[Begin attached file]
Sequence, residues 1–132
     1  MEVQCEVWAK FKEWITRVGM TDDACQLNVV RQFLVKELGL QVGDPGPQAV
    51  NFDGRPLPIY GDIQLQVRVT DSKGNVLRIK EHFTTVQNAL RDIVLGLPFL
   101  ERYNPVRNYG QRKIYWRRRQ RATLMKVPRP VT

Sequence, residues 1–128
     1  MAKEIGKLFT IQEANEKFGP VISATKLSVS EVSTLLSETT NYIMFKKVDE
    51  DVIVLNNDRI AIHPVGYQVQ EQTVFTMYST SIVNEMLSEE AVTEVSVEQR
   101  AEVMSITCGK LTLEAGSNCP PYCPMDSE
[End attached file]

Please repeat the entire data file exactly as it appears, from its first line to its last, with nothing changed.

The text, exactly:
Sequence, residues 1–132
     1  MEVQCEVWAK FKEWITRVGM TDDACQLNVV RQFLVKELGL QVGDPGPQAV
    51  NFDGRPLPIY GDIQLQVRVT DSKGNVLRIK EHFTTVQNAL RDIVLGLPFL
   101  ERYNPVRNYG QRKIYWRRRQ RATLMKVPRP VT

Sequence, residues 1–128
     1  MAKEIGKLFT IQEANEKFGP VISATKLSVS EVSTLLSETT NYIMFKKVDE
    51  DVIVLNNDRI AIHPVGYQVQ EQTVFTMYST SIVNEMLSEE AVTEVSVEQR
   101  AEVMSITCGK LTLEAGSNCP PYCPMDSE